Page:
There is also the option to subject the matter to challenge, either because the offence is denied or that there is simply a wish to exercise the right of an accused to put the Crown to the test. In these circumstances the procedure is very simple: the Fixed Penalty is ignored, put to one side. There is no need to inform the authorities of this and invite a prosecution; silence is all that is required to intimate the challenge. A more formal Conditional Offer may be made directly by the Crown, where the advice on options remains as aforementioned. Eventually, if there is to be a prosecution, a court citation libelling the charge and giving a date where a plea is to be tendered in court will be served. Such a prosecution must be raised by the Crown within 12 months of the date of the alleged offence.

Please note that, should there be 9 penalty points or more on a driving licence, then the holder is not in a position to accept a Fixed Penalty, even where it is offered by either the Police or Procurator Fiscal. These matters must always proceed to court, even if the accused for whatever reason wishes to accept the 6 month disqualification under the "totting-up" provisions. Where a Fixed Penalty is deemed not to be appropriate, then any prosecution would commence at the citation stage.

The provisions of the Highway Code are often used to determine whether a particular course of driving can properly be recognised as careless. Clearly, a failure to observe its provisions is a relevant consideration for the Court, but the fact that the Code has in some way been violated does not in itself necessarily mean that a driver should be prosecuted, or convicted. This became apparent in an appeal case dealt with by Michael Lyon Solicitors Limited, where a police officer was convicted of careless driving having been involved in an accident whilst responding to an emergency call. The Appeal Court was at pains to highlight that the law does not expect a standard of perfection in drivers, and in granting the appeal and quashing our client’s conviction made it clear that in consideration of the particular circumstances of a case there should not be too high a test applied.

Where an allegation of careless driving has been made, at every stage in the proceedings it is important to seek out and receive the best legal advice possible. A solicitor who properly specialises in the defence of criminal road traffic cases will be in a position to give honest, accurate advice as to the most appropriate way forward for each individual. At Michael Lyon Solicitors Limited we defend nothing but this type of prosecution, and having the experience of dealing with every type of careless driving prosecution in most jurisdictions in Scotland puts us in the position of being able to impart our knowledge and expertise to your particular case.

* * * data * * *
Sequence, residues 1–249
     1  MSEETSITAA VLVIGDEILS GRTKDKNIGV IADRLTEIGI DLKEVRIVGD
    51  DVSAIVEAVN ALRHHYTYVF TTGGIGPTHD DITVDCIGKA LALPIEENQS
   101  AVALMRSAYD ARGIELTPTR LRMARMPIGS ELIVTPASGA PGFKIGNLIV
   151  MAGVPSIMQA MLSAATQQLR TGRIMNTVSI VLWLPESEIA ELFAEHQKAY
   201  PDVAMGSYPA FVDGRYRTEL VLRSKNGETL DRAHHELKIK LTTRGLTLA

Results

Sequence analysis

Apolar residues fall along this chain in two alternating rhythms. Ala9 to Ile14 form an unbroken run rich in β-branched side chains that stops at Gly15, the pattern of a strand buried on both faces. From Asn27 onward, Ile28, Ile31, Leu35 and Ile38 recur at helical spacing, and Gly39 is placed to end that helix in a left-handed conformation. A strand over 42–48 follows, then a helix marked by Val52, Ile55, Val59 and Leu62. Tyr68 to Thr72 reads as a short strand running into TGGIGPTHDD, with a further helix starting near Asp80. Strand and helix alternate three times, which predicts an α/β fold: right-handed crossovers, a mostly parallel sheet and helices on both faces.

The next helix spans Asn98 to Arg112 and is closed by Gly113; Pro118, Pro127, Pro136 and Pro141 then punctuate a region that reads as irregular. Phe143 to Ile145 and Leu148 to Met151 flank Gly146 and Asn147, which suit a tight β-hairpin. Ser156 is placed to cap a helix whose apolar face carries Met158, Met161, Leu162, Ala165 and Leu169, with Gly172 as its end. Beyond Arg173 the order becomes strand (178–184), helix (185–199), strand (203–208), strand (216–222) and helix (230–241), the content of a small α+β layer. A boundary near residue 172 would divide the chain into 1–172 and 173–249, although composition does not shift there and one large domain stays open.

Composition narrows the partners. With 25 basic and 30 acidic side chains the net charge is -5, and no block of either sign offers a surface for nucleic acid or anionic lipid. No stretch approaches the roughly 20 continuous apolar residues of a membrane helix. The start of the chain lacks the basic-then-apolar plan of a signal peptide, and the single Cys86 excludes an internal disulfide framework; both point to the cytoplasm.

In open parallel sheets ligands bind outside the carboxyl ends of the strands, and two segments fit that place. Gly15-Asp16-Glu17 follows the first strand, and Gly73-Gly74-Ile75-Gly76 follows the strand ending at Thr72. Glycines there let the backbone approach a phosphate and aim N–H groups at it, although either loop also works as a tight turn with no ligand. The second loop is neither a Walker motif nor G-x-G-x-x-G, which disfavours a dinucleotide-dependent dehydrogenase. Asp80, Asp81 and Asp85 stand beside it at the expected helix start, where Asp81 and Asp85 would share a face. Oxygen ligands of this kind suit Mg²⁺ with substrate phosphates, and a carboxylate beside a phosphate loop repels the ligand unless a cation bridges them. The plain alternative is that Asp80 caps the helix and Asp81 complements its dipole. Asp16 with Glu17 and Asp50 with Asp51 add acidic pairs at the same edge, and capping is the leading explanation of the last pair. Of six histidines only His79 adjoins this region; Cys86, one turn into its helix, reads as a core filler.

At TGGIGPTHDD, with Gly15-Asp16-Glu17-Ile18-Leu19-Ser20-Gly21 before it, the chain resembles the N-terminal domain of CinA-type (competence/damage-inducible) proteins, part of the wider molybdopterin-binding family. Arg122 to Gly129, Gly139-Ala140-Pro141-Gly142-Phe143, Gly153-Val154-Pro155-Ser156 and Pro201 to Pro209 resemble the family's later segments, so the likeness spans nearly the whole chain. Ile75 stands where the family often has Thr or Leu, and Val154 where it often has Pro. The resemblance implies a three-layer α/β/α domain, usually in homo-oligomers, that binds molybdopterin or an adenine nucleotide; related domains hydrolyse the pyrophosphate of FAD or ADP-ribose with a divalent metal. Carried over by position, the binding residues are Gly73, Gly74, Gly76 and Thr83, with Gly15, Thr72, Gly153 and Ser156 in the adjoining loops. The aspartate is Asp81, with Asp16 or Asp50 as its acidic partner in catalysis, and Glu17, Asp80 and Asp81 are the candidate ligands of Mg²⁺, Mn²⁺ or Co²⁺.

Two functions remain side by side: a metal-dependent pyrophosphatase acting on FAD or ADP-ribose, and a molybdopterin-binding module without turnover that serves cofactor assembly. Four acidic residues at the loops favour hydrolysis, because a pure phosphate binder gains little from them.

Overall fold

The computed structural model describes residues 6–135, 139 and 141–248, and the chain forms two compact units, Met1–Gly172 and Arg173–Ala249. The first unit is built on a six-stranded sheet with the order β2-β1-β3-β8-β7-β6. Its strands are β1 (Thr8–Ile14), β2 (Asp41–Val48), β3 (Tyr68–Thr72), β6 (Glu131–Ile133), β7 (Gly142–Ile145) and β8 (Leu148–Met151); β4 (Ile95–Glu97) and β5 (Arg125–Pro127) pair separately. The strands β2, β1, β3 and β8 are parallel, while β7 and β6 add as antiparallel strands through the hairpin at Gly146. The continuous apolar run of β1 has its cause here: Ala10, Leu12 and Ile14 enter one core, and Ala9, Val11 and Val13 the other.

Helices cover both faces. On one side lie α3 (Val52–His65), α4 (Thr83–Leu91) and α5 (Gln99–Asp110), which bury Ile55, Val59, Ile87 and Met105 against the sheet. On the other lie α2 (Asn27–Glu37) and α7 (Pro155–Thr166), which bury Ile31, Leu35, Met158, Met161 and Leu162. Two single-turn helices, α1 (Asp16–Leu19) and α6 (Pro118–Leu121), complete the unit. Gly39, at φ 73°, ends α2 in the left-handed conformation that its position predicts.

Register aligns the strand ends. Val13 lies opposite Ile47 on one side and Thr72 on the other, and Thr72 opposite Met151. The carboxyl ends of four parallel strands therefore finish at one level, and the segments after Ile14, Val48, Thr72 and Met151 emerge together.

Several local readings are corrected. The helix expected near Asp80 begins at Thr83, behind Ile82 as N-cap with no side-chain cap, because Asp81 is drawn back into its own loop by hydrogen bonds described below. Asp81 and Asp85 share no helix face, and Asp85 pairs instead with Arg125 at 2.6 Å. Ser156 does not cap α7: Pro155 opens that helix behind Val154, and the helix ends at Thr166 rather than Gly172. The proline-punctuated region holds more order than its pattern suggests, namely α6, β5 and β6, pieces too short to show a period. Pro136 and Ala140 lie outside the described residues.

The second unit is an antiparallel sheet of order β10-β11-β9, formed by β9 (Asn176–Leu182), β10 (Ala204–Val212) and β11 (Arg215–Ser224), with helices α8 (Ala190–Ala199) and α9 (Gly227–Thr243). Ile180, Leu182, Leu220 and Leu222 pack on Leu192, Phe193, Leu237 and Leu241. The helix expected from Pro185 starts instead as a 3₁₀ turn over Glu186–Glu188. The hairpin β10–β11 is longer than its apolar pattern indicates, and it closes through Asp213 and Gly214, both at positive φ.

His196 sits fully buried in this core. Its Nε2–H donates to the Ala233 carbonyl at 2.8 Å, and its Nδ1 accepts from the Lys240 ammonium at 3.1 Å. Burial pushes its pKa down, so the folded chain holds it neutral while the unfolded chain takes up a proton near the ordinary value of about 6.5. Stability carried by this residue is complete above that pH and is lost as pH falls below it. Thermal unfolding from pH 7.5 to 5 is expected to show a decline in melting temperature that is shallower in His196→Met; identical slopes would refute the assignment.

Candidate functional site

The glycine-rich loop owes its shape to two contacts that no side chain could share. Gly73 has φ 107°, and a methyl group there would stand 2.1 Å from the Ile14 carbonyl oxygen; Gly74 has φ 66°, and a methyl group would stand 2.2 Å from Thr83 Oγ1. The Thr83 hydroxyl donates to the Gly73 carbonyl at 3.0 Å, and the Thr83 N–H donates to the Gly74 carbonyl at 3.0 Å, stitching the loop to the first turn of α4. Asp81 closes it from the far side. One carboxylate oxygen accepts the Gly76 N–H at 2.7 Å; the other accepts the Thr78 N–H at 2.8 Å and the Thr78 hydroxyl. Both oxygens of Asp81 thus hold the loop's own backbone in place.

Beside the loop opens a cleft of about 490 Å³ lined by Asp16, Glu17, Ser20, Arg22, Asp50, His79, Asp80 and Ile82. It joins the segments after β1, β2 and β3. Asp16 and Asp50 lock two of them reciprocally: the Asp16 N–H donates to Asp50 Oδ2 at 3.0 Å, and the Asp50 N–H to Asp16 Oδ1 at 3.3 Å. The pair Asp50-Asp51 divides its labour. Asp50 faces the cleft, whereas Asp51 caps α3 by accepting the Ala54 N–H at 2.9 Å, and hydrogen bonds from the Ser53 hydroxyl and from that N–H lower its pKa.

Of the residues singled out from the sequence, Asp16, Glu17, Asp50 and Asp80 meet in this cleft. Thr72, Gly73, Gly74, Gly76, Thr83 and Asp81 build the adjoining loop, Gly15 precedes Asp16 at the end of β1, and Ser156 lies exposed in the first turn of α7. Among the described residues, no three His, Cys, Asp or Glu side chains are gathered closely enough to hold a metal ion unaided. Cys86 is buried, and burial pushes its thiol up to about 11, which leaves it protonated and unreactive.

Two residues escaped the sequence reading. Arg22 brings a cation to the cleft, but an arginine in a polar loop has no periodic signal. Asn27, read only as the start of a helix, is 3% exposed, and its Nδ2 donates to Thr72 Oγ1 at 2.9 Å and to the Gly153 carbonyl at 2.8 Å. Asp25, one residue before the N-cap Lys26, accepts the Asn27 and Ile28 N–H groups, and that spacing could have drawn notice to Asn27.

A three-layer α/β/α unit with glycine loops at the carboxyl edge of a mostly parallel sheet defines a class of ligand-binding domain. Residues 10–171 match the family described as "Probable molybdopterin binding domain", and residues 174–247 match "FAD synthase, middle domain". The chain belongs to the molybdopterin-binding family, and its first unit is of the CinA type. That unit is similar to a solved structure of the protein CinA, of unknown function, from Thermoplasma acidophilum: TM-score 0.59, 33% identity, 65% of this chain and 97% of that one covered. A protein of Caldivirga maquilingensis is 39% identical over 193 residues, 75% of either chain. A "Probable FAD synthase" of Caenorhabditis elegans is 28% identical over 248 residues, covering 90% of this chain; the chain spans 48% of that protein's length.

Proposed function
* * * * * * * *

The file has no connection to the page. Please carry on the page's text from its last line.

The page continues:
Whether you have just been charged, received a Fixed Penalty or court citation, discussing the matter with us will bring a focus on how to progress in your best interests, and Michael Lyon Solicitors Limited will do what is necessary to protect your driving entitlement.

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Careless driving is the common term given to driving which falls below the standard expected of a careful and competent driver. Examples of careless driving include: driving too close to another vehicle; driving with full beam headlights and dazzling other drivers; lane hogging; a minor bump; lighting a cigarette; undertaking; emerging from a side road into the path of another vehicle; using a Sat Nav or map; eating or drinking whilst driving. Being in an accident does not mean that your driving has been careless.


Yes. The Court retains the power of discretionary disqualification for particularly serious cases of careless driving. There is also a possibility of being totted-up as the offence can be dealt with by the imposition of up to 9 penalty points. If you already have penalty points then there may be a very real threat to your licence.


You must receive a Citation within 12 months of the date of the offence or you cannot be competently prosecuted.


Careless driving can incur up to a Level 5 fine (presently £5,000). In practice fines are rarely this high and tend to be in three figures.


If you do not accept a fixed penalty then the matter will be referred to Court where you will have the opportunity to contest the charge. If the matter is not successfully challenged in Court, you may receive more penalty points and a higher fine than the fixed penalty offer. It is always better to get legal advice prior to making a decision about what to do with a fixed penalty.


Injury and damage are irrelevant and the Court ought not to take it into account when determining sentence. In careless driving, only the standard of driving should inform the sentence.
Modified: 2017-06-17 16:48:52